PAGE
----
Bill Passed In House
February 3, 2012 -- The East African Legislative Assembly (EALA), the legislative organ of the East African Community (EAC), passed the EAC Polythene Materials Control Bill, 2011 in the House. If the EAC Heads of State assent to the bill, it will become an Act of the Community.
Amendments that sailed through during the debate include a change in title with the replacement of the word polythene with plastic to read “The East African Community Plastic Control Bill”. Members agreed that "plastic" has a wider scope and is consequential.
The EAC is a regional intergovernmental organization of five eastern Africa countries. The EAC is comprised of the Republics of Tanzania, Kenya, Uganda, Rwanda and Burundi and has its headquarters in Arusha, Tanzania.
Polythene is the polymer commonly known as "polyethylene", the most widely used plastic and primarily used in packaging (plastic bags, plastic films).(1)
Although the Act applies to all types of polythene materials, it specifically targets plastic bags, stating: "For the avoidance of any doubt, the elimination of the polythene bags shall be complete in all Partner States within one year from the coming into force of this Act."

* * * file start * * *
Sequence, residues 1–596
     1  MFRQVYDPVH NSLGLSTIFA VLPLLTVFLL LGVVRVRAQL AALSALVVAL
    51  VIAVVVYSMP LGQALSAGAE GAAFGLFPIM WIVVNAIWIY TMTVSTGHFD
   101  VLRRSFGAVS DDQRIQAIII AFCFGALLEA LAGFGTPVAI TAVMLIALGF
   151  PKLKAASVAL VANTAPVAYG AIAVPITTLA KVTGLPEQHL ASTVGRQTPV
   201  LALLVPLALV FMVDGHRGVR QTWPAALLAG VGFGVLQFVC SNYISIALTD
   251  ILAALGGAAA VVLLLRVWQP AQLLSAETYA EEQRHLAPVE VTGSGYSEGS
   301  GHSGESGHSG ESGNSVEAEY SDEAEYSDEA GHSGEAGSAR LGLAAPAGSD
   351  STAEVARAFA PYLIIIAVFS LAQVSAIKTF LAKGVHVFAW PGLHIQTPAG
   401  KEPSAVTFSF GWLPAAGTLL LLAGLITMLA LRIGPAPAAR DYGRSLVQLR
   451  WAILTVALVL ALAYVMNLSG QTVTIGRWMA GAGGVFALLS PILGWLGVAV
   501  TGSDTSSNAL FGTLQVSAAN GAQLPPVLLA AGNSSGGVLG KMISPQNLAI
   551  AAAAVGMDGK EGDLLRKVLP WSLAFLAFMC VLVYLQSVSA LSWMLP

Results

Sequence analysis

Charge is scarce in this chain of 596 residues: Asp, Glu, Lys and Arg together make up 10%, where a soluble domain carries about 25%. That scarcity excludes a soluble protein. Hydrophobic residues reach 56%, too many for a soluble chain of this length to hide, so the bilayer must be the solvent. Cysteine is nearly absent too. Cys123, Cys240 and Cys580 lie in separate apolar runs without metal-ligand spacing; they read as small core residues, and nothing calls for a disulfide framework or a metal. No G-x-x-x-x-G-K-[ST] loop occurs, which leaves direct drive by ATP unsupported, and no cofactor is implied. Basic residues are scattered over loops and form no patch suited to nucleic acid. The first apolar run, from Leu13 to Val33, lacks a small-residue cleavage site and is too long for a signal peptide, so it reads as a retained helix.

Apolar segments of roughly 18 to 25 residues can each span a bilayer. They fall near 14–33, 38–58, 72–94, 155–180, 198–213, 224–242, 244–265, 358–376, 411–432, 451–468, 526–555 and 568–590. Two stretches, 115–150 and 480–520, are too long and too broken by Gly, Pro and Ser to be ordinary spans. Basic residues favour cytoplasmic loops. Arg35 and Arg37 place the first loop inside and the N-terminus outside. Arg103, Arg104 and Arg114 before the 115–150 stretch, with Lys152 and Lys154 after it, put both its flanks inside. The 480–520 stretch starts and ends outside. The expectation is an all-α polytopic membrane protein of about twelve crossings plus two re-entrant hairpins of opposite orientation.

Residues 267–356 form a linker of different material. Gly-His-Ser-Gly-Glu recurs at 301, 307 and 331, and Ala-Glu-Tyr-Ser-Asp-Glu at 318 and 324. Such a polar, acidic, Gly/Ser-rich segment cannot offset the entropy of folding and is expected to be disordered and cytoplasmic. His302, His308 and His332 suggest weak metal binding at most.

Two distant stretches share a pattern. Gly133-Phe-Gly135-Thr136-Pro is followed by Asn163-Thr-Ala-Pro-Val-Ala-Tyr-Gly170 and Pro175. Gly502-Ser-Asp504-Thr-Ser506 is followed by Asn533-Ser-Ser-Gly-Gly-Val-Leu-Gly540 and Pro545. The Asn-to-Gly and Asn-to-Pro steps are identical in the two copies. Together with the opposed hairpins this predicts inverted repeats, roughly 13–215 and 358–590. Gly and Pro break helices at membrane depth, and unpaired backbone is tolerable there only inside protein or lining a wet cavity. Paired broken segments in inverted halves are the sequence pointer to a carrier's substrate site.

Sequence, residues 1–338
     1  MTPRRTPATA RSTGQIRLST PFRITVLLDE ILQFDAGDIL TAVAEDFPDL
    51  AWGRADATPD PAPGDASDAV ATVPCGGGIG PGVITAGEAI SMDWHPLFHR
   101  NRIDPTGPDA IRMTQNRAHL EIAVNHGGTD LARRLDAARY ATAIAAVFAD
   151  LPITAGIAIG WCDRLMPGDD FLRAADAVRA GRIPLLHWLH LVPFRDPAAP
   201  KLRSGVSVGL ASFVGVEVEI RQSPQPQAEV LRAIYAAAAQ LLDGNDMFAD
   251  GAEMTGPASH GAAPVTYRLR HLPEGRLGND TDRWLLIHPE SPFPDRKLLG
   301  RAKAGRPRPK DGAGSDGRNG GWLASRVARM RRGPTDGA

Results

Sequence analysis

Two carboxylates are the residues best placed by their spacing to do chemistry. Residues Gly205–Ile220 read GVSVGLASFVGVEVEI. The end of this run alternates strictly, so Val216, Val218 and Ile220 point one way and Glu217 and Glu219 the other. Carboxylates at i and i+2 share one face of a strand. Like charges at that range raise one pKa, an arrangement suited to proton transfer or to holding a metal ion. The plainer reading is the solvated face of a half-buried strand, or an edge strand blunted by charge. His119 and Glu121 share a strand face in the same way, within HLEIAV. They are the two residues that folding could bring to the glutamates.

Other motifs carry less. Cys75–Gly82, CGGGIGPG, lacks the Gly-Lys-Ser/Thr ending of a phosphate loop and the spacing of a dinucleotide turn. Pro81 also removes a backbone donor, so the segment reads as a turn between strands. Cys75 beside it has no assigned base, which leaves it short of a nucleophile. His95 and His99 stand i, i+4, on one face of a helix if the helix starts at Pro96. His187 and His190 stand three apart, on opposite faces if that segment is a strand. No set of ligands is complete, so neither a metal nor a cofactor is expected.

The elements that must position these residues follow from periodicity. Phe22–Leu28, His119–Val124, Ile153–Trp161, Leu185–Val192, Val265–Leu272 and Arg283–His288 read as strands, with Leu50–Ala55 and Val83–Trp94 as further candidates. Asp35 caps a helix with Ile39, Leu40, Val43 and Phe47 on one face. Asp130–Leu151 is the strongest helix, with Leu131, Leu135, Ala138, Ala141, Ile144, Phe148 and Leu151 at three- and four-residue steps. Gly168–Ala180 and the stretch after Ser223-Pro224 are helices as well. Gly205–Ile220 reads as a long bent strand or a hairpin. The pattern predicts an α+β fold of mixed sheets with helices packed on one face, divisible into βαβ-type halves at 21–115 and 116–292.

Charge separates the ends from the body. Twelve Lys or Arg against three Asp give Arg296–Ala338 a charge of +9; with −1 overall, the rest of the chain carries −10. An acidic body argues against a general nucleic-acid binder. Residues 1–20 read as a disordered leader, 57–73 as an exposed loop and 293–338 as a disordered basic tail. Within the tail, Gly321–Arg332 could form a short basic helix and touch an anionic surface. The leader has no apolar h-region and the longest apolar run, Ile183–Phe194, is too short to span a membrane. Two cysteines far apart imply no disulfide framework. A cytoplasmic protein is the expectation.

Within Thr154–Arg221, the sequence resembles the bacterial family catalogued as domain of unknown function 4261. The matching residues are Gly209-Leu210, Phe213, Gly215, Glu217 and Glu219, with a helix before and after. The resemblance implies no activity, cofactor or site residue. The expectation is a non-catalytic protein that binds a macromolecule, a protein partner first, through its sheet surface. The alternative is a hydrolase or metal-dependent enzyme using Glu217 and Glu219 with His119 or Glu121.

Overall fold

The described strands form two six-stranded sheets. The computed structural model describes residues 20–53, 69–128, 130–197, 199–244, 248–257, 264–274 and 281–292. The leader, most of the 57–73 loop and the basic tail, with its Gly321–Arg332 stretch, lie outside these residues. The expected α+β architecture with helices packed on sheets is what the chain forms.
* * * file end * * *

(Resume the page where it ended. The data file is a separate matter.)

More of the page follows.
The Bill, moved by Hon Patricia Hajabakiga, Member from Rwanda, aims at providing a legal framework for the preservation of a clean and healthy environment by prohibiting the use, sale, manufacture and importation of polythene in all the East African Community Partner States.
The Act mandates that the Partner States shall, upon the coming into force of this Act, take such measures as may be necessary to eliminate polythene materials prohibited under this Act in their territories.
Dangers of Plastic
Justifying the move to have the regional law in place, Hon Hajabakiga stated that the Bill is intended to control the use of polythenes while advocating for the total ban of plastics.
The mover notes several dangers of plastics and polythene materials, notably soil degradation through burning of wastes, harmful emissions of toxics and the endangering of human and animal lives. She further indicates that while plastics can be burned, they emit chemicals and the corresponding photo-degradation has consequential impact on human and infrastructure.
"Countries such as Bangladesh, Botswana, Israel, Rwanda and France among others have since enacted a similar law", Hon Hajabakiga said.
Waiting for Assent
The Bill shall now go through the succeeding stages of assent with the Speaker of the Assembly expected to submit the amended /Assent copies to the Heads of State for assent. Should it be assented (signed) to by the five Heads of State, then it shall become law. In event that one or some (or all) Heads of State do not assent to the Bill then it shall be returned to the Assembly.
(2) East African Community
Cover Photo: Paul Kagame, president of Rwanda, at the 8th East African Community summit held in November 2006. Credit: Wikipedia.org